The UK economy is set to squeeze out anaemic growth as the recovery from the Covid-19 crisis continues to slow, according to City economists.
Severe supply chain bottlenecks, compounded by soaring energy prices, logistics systems breaking down and a paucity of workers has crimped businesses.
As a result, the size of the British economy is likely to have remained unchanged over the last month, economists at Pantheon Economics think.
Those findings will be put to the test on Thursday when the Office for National Statistics (ONS) publishes its latest estimates for monthly and quarterly GDP.
A slowdown in consumer spending, driven by Brits shunning shopping trips to preserve petrol amid a fuel crisis that plagued the country in September, kept economic growth in check.
Output in the manufacturing sector was weak due to a “slump in car production” as a result of an ongoing global shortage of semiconductor chips, Pantheon Economics said.
Industrial firms likely held back on production due to higher prices for raw materials and energy making normal business activities financially unviable.
According to the ONS, input prices climbed 11.4 per cent annually in September.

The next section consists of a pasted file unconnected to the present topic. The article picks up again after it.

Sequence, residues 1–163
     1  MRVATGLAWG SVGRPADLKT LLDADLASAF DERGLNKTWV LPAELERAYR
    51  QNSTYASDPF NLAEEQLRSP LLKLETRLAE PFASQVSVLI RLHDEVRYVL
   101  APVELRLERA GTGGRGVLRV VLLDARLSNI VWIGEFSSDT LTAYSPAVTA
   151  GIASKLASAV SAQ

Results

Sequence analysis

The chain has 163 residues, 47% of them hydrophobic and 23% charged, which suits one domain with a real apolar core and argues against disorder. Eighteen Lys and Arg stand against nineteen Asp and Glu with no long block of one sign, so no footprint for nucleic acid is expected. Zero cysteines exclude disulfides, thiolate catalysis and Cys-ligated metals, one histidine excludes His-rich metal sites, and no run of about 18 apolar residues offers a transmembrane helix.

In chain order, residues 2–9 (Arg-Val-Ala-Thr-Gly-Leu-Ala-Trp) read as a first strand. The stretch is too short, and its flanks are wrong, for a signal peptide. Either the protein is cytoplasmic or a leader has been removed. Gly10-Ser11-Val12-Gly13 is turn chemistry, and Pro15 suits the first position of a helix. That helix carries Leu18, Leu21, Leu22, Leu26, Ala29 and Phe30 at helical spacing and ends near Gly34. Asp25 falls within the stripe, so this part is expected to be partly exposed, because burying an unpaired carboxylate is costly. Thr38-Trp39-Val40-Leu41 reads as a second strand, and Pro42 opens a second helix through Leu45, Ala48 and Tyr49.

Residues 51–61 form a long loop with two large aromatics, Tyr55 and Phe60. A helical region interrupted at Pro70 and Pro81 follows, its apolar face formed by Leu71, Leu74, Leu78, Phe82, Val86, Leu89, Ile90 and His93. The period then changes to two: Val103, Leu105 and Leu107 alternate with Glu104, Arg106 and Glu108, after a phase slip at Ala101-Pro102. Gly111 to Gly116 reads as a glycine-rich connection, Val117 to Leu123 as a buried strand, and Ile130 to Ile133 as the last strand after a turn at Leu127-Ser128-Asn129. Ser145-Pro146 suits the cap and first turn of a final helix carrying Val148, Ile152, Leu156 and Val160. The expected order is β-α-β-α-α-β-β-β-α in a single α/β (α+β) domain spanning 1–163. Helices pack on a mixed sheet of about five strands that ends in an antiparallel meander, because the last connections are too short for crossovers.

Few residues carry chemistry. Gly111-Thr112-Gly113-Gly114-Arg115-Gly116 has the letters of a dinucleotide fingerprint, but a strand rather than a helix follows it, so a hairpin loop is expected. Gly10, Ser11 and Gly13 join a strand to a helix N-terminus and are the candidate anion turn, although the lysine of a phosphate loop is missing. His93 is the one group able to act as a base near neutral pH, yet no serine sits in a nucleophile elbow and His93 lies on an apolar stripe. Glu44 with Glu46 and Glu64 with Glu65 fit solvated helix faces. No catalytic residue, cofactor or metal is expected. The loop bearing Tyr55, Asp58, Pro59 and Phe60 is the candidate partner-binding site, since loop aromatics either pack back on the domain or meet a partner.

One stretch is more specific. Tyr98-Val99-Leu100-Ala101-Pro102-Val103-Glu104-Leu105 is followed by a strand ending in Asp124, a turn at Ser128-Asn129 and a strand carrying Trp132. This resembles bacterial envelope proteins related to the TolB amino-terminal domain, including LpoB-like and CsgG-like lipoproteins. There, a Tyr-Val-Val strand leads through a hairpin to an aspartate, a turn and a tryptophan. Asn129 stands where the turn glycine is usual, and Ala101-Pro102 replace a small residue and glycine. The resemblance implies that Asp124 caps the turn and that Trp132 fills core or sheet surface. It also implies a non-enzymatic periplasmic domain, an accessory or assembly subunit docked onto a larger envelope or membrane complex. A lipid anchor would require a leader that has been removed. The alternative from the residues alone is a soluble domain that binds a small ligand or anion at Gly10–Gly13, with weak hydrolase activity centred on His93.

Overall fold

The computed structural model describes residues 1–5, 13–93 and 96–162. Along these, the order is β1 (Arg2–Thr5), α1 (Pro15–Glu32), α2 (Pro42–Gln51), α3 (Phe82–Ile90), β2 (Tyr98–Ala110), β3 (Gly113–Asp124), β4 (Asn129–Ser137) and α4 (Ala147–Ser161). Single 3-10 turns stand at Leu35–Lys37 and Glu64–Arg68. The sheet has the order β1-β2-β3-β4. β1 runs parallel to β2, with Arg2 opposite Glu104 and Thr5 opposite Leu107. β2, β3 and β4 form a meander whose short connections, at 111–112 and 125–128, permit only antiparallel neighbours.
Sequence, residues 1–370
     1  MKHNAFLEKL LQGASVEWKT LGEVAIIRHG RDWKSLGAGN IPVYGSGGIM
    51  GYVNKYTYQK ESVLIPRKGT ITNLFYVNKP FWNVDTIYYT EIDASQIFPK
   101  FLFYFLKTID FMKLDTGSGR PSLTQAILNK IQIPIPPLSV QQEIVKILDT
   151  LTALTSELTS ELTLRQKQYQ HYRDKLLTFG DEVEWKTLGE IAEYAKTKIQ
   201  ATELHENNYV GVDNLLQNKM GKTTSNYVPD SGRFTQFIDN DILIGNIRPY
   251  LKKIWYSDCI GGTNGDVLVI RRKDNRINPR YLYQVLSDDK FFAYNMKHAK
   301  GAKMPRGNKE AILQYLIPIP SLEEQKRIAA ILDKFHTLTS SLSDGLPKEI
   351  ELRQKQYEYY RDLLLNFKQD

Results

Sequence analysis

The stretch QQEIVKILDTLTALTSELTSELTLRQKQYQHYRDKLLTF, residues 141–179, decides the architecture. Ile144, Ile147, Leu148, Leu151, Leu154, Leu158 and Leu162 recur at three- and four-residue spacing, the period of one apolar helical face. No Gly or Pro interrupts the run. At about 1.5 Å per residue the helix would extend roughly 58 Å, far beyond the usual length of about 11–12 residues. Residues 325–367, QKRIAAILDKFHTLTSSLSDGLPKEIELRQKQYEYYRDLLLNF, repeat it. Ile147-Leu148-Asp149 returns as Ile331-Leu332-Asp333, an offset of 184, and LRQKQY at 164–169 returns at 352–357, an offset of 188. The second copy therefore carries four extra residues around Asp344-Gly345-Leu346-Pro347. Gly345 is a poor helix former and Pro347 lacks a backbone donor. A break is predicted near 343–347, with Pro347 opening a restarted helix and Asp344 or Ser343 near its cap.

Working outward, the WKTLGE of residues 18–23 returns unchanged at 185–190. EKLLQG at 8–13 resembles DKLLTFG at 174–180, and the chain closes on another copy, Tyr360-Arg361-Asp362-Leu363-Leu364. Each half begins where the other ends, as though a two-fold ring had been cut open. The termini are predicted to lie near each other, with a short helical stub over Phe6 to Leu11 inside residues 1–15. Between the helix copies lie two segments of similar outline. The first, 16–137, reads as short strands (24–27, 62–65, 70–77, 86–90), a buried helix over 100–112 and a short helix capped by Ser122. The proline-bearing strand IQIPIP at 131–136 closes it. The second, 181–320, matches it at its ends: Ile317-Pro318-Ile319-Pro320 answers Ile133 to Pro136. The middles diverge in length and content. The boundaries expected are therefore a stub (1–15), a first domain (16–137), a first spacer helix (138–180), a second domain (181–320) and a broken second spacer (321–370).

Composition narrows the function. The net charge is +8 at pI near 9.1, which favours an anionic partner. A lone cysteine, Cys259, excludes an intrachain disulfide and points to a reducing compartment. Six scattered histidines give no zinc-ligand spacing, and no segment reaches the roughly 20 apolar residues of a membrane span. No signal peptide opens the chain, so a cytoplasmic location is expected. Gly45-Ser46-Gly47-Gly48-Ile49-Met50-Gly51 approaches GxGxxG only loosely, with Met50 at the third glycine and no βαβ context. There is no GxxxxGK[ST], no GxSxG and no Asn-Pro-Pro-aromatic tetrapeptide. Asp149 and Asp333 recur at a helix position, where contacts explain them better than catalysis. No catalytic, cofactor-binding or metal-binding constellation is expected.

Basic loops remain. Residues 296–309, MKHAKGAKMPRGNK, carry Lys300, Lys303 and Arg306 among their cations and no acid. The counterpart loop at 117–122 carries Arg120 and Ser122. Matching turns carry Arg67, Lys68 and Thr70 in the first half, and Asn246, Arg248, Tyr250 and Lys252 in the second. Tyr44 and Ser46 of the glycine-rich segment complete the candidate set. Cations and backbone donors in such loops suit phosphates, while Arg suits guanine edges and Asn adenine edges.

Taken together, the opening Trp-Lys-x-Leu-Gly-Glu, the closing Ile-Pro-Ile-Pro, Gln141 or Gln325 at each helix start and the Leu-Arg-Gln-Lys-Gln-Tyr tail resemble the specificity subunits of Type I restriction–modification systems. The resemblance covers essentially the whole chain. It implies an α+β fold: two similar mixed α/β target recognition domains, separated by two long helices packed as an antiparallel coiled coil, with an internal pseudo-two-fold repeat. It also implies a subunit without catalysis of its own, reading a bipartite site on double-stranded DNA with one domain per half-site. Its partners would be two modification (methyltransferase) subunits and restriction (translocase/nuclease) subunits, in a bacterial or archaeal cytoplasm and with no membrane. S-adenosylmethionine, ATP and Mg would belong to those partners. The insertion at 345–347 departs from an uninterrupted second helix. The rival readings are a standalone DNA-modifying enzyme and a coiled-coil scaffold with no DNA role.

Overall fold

However, despite the blizzard of headwinds knocking businesses off course, there will be some bright spots in the ONS’s figures.
The final tranche of Brits staycationing before the end of the summer amid ongoing travel bans will boost production in the food and accommodation sectors.
“Investment growth” is likely “to have improved with businesses ramping up activity, although supply chain shortages would have had some impact,” Yael Selfin, chief economist at KPMG, said.
The quarterly statistics will also show the economy is in ruder health as they will take into account July and August as well as September and compare the period to the second quarter, a time when the recovery was just getting off the ground.
But, the quarterly print will still underwhelm and – coupled with the poor monthly GDP figures – prompt Bank of England to hold off from hiking interest rates next month, according to economists at Bank of America.
Experts at Pantheon Economics agree.
“September’s data likely will unsettle the [Bank of England], which highlighted last week that the recent fragility of the recovery played a role in its decision to stand pat.”